Minimalist shoe

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Evoskins - a type of minimalist shoe

Minimalist shoes are shoes intended to closely approximate barefoot running or walking conditions in comparison to traditional shoes.[1][2] Minimalist shoes are defined as providing "minimal interference with the natural movement of the foot, because of its high flexibility, low heel to toe drop, weight and stack height, and the absence of motion control and stability devices."[3] Minimalist shoes provide more sensory contact for the foot on the ground while simultaneously providing the feet with some protection from ground hazards and conditions (such as pebbles and dirt).[4] Research shows that wearing a minimalist shoe can help improve running economy,[3] foot strength and arch function.[5]


In their 2018 paper for the Journal of Sports Sciences, Devon R. Coetzee their co-authors defined minimalist footwear as having a sole and upper that weighed 200-gram (7.1 oz) or less and were highly flexible, a heel height of 20 millimetres (0.79 in) or shorter, and a "heel-toe differential" of 7 millimetres (0.28 in) or less.[6]

Generally, there are two types of minimalist shoes:[7]

  • Barefoot Running Shoes are characterized by their zero drop from heel to toe, no arch support, minimal cushioning at the heel, and a very thin sole of around 3-10mm. Also, the toe box is considerably wider to provide more space to the toes, whereby they slightly resemble the shape of ducks' feet, when viewed from above and compared to traditional shoes. Few product lines fall into this category. Examples include the Vibram FiveFingers and Merrell Glove, which use an outsole produced by Vibram, or the Xero Prio.
  • Minimalist Running Shoes are in between traditional running shoes and barefoot running shoes. They have a reduced heel-to-toe drop of about 4–8 mm, reduced cushioning and reduced or no arch support. The toe box is usually in-between barefoot and traditional running shoes.

In recognition of the barefoot running movement, major companies also started producing shoes targeted at this customer segment. However, these shoes do not usually meet the requirement of a minimal or barefoot shoe. Examples include:

  • The Nike Free, which has a 17 mm heel and is marketed as minimalist running shoe, though this designation is disputed by some.[8]
  • The Adidas Adizero line, which has a heel-to-toe drop of 4 to 10mm, a total heel height of up to 30mm and a comparatively traditional, narrow toe box.
  • The Champion Alpha.

In contrast to barefoot and minimal shoes, one of the marketing terms repeatedly employed for this product segment is natural running.


Although running injuries are more common during the first period after adopting minimalist footwear, there is a lack of evidence about the long-term injury potential of minimalist shoes compared to standard ones.[3][9]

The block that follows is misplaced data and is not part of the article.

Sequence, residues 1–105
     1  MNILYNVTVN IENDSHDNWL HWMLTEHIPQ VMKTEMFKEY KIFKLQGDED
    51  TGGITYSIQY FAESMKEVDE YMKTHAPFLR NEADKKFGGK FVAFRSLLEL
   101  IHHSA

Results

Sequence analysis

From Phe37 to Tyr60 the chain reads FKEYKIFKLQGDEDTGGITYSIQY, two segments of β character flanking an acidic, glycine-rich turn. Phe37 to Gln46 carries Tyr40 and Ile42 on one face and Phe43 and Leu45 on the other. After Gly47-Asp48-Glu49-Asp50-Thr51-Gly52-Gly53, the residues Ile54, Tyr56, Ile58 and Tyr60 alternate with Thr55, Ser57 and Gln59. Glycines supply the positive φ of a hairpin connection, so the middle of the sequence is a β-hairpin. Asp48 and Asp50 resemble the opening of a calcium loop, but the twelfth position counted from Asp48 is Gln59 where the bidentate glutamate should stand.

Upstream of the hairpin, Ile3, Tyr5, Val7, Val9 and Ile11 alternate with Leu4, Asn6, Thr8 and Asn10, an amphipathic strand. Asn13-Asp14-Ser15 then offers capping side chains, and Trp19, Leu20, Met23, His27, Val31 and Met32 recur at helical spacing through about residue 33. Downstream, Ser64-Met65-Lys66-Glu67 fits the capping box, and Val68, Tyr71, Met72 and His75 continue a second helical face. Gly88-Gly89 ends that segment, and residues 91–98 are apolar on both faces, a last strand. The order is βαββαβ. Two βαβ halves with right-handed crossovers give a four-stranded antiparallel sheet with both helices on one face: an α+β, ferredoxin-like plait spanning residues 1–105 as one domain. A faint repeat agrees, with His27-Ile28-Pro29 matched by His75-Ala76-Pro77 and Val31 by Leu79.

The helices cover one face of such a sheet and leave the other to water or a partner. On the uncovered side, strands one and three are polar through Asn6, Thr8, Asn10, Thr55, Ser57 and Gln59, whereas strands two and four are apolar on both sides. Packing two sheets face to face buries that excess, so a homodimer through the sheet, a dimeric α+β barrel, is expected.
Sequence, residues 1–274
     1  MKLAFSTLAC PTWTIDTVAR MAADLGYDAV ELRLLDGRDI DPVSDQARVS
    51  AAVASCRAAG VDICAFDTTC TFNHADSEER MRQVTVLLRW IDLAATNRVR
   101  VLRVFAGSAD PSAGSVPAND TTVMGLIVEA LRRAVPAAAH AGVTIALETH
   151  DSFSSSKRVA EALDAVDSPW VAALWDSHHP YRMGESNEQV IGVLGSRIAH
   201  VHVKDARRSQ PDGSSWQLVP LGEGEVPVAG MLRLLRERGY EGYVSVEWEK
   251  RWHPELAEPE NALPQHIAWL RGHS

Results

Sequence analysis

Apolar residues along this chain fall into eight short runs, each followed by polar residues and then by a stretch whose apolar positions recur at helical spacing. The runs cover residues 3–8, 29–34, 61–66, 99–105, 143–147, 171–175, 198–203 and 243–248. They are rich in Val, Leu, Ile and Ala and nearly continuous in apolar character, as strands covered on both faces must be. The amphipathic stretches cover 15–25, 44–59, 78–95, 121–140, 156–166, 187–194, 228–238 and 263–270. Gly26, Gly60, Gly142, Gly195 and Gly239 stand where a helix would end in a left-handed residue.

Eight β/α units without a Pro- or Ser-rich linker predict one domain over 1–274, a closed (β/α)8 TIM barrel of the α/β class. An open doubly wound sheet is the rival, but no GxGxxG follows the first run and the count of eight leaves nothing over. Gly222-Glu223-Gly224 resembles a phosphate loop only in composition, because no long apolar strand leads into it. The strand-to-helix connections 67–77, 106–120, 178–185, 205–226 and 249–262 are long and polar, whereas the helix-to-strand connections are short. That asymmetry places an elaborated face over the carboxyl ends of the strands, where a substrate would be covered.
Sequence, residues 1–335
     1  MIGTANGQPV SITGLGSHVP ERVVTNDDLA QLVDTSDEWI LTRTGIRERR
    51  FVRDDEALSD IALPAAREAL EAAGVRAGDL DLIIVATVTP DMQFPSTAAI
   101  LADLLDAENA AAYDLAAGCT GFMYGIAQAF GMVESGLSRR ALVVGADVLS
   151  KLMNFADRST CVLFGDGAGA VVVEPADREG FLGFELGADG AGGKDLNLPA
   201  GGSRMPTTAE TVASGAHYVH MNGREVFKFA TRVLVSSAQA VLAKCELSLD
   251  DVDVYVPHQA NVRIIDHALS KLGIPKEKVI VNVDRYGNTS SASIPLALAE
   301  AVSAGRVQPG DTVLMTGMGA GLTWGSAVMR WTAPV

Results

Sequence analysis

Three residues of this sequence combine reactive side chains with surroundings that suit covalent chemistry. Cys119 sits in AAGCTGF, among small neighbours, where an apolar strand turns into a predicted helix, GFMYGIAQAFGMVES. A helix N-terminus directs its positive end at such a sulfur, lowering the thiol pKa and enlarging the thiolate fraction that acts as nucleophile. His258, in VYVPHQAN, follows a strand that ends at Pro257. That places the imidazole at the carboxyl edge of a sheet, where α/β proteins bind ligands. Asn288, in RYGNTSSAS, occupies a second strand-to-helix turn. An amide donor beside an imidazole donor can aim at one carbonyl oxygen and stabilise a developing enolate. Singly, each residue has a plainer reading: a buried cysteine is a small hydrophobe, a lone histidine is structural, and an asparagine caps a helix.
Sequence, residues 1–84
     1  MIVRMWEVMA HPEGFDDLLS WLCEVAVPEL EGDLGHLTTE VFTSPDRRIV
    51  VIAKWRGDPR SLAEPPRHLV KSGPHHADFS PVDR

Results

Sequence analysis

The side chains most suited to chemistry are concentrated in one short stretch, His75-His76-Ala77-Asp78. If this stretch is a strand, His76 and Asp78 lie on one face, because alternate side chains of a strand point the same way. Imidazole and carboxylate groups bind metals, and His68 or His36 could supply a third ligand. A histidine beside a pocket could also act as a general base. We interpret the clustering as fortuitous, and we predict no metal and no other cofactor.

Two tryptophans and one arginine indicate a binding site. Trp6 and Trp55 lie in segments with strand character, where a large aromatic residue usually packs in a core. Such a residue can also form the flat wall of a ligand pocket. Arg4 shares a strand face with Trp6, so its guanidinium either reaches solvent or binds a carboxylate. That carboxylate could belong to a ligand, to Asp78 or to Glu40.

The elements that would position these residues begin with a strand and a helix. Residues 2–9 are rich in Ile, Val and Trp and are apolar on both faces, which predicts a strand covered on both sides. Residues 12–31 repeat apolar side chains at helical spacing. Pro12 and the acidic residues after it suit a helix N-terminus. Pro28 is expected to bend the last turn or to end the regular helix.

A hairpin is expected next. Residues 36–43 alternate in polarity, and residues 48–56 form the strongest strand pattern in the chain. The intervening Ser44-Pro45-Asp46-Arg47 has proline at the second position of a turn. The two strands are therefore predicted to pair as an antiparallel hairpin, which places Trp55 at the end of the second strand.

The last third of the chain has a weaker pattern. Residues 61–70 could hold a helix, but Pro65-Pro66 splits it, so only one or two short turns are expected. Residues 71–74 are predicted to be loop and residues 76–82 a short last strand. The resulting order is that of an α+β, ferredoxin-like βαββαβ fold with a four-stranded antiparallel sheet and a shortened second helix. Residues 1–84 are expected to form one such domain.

A 2022 review found that minimalist shoes increase the size and strength of the foot muscles in healthy individuals.[10]

A 2020 systematic review found that "minimalist shoes can improve running economy and build the cross-sectional area and stiffness of Achilles tendon but also induce greater loading of the ankle and metatarsophalangeal joint" compared to non-minimalist shoes.[11]

See also[edit]


  1. ^ "My Shoes Are Killing Me!?". Retrieved 1 May 2018.
  2. ^ "What are Minimalist Running Shoes?". Retrieved 8 August 2013.
  3. ^ a b c Knapik, Joseph J.; Orr, Robin; Pope, Rodney; Grier, Tyson (2016). "Injuries and footwear (Part 2): Minimalist running shoes". Journal of Special Operations Medicine. 16 (1): 89–96. doi:10.55460/R4MX-MTDK. ISSN 1553-9768. PMID 27045504. S2CID 25895886.
  4. ^ "Barefoot Running". Runner's World. 29 December 2009.
  5. ^ Miller, Elizabeth E.; Whitcome, Katherine K.; Lieberman, Daniel E.; Norton, Heather L.; Dyer, Rachael E. (2014-06-01). "The effect of minimal shoes on arch structure and intrinsic foot muscle strength". Journal of Sport and Health Science. Special Issue on “Barefoot and Minimal Shoe Running”. 3 (2): 74–85. doi:10.1016/j.jshs.2014.03.011.
  6. ^ Coetzee, Devon R.; Albertus, Yumna; Tam, Nicholas; Tucker, Ross (2018). "Conceptualizing minimalist footwear: an objective definition". Journal of Sports Sciences. 36 (8): 949–954. doi:10.1080/02640414.2017.1346816. PMID 28686085. S2CID 4628364.
  7. ^ "Barefoot/Minimalist Running Shoes: How to Choose". Retrieved 9 August 2013.
  8. ^ Hutchinson, Alex (2013-01-12). "Do Minimalist Shoes Really Simulate Barefoot Running? | Runner's World". Retrieved 2013-08-16.
  9. ^ "Can the "Appropriate" Footwear Prevent Injury in Leisure-Time Running? Evidence Versus Beliefs".
  10. ^ Xu, Jennifer; Saliba, Susan A; Jaffri, Abbis H (2022). "Effects of Minimalist Shoes on Plantar Intrinsic Foot Muscle Size and Strength: A Review". International Journal of Sports Medicine. 44 (5): a–1908–8867. doi:10.1055/a-1908-8867. PMID 35878616. S2CID 251067602.
  11. ^ Sun, Xiaole; Lam, Wing-Kai; Zhang, Xini; Wang, Junqing; Fu, Weijie (2020). "Systematic Review of the Role of Footwear Constructions in Running Biomechanics: Implications for Running-Related Injury and Performance". Journal of Sports Science & Medicine. 19 (1): 20–37. ISSN 1303-2968. PMC 7039038. PMID 32132824.